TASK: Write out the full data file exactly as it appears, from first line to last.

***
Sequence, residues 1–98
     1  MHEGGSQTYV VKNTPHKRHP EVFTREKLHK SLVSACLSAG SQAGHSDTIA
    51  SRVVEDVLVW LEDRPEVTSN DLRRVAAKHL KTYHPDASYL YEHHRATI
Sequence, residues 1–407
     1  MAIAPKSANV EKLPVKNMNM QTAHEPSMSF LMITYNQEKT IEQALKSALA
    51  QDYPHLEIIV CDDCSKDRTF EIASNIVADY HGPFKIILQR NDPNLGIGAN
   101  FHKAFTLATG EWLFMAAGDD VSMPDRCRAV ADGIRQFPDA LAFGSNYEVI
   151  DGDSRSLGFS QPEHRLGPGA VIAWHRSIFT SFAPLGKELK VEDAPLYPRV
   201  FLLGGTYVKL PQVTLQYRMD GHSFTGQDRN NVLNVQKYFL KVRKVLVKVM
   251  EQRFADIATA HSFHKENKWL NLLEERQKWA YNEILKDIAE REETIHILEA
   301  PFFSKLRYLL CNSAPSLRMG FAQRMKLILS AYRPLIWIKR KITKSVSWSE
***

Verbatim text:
Sequence, residues 1–98
     1  MHEGGSQTYV VKNTPHKRHP EVFTREKLHK SLVSACLSAG SQAGHSDTIA
    51  SRVVEDVLVW LEDRPEVTSN DLRRVAAKHL KTYHPDASYL YEHHRATI
Sequence, residues 1–407
     1  MAIAPKSANV EKLPVKNMNM QTAHEPSMSF LMITYNQEKT IEQALKSALA
    51  QDYPHLEIIV CDDCSKDRTF EIASNIVADY HGPFKIILQR NDPNLGIGAN
   101  FHKAFTLATG EWLFMAAGDD VSMPDRCRAV ADGIRQFPDA LAFGSNYEVI
   151  DGDSRSLGFS QPEHRLGPGA VIAWHRSIFT SFAPLGKELK VEDAPLYPRV
   201  FLLGGTYVKL PQVTLQYRMD GHSFTGQDRN NVLNVQKYFL KVRKVLVKVM
   251  EQRFADIATA HSFHKENKWL NLLEERQKWA YNEILKDIAE REETIHILEA
   301  PFFSKLRYLL CNSAPSLRMG FAQRMKLILS AYRPLIWIKR KITKSVSWSE